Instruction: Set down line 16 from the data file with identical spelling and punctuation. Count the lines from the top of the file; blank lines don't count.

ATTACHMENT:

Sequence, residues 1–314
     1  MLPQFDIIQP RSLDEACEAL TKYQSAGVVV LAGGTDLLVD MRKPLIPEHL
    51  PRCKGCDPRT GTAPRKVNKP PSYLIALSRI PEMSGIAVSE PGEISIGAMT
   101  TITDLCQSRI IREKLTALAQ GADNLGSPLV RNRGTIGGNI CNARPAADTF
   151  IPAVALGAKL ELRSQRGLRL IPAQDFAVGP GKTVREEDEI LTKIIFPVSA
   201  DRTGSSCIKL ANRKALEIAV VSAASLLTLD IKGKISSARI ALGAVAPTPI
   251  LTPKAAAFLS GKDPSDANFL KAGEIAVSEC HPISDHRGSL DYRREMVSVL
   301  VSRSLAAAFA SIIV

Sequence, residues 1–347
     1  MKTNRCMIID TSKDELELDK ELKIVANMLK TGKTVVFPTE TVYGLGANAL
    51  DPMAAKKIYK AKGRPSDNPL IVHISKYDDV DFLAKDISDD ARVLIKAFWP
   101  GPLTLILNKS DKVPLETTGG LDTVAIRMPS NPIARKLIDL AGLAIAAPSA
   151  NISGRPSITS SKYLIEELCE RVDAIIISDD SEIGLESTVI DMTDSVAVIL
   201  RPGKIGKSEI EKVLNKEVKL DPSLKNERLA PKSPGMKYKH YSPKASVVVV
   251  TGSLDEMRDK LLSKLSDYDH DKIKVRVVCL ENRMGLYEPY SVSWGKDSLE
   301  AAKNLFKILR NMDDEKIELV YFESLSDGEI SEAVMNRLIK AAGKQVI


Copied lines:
   301  AAKNLFKILR NMDDEKIELV YFESLSDGEI SEAVMNRLIK AAGKQVI